BAKERSFIELD, Calif. — A federal grand jury indicted a Bakersfield businessman Thursday on one count of trafficking in counterfeit goods.
Eric Huggins, 51, owner of a shop called Girlfriends by Design, was arrested Feb. 14 by agents with Immigration and Customs Enforcement's Homeland Security Investigations. Huggins allegedly sold counterfeit clothing and accessories bearing labels of well-known designer brands, such as Chanel, Coach and Prada. He also allegedly sold fakes bearing sports logos from the NBA and NFL.
Huggins has since been released on numerous pretrial conditions, and his next court appearance is March 1 before a federal magistrate judge in Fresno.
The investigation began when an ICE HSI agent posing as a customer bought several counterfeit items in December 2009 from Girlfriends by Design on Ming Avenue. A few months later, agents served search warrants at Huggins' stores on Ming and 19th Street, as well as Huggins' home. ICE said it seized more than $140,000 worth of counterfeit items.
"Vendors who sell counterfeit products are stealing - they're robbing from law-abiding merchants, from the legitimate companies that make these products, and from the men and women who depend on those legitimate companies for their livelihood," Michael Toms, resident agent in charge for ICE HSI in Bakersfield, said in a news release form the U.S. Attorney's office. "Trafficking in counterfeit goods is a serious crime, which is why ICE HSI will continue to target retailers and websites that engage in this type of activity."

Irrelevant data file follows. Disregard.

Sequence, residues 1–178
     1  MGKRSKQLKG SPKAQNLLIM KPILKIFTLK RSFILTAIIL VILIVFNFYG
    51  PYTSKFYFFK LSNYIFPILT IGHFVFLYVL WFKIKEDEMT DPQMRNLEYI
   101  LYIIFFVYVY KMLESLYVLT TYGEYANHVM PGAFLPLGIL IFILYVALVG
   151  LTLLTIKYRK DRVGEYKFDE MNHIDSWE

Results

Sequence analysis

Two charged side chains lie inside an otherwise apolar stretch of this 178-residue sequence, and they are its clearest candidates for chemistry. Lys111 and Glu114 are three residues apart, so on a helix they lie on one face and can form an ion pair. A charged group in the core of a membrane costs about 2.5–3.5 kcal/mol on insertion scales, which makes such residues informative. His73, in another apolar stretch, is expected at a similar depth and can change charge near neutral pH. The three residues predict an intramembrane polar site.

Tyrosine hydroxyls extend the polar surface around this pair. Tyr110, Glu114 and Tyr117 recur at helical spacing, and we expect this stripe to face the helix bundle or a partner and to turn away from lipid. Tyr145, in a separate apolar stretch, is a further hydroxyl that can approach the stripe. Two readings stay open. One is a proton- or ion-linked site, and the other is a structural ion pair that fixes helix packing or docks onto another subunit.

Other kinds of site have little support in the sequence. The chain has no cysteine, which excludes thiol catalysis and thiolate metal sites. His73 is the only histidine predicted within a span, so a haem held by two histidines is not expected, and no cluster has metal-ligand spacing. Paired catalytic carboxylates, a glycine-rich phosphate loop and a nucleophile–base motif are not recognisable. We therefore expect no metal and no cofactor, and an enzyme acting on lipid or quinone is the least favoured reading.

Huggins admitted Feb. 15 to Eyewitness News that he once sold counterfeit purses at Girlfriends by Design on Ming Avenue and on the streets out of his vehicle. He denied selling widespread counterfeit merchandise, as claimed by federal investigators.
"I knew the purses were fake," Huggins told reporter Jose Gaspar at the time. Huggins went on to say, "Bakersfield is big for buying (fakes). If they weren't' so big on buying 'em, we wouldn't be so big on wanting to sell them."
The charge of trafficking in counterfeit goods carries a maximum penalty of up to 10 years in prison and fine of up to $2 million.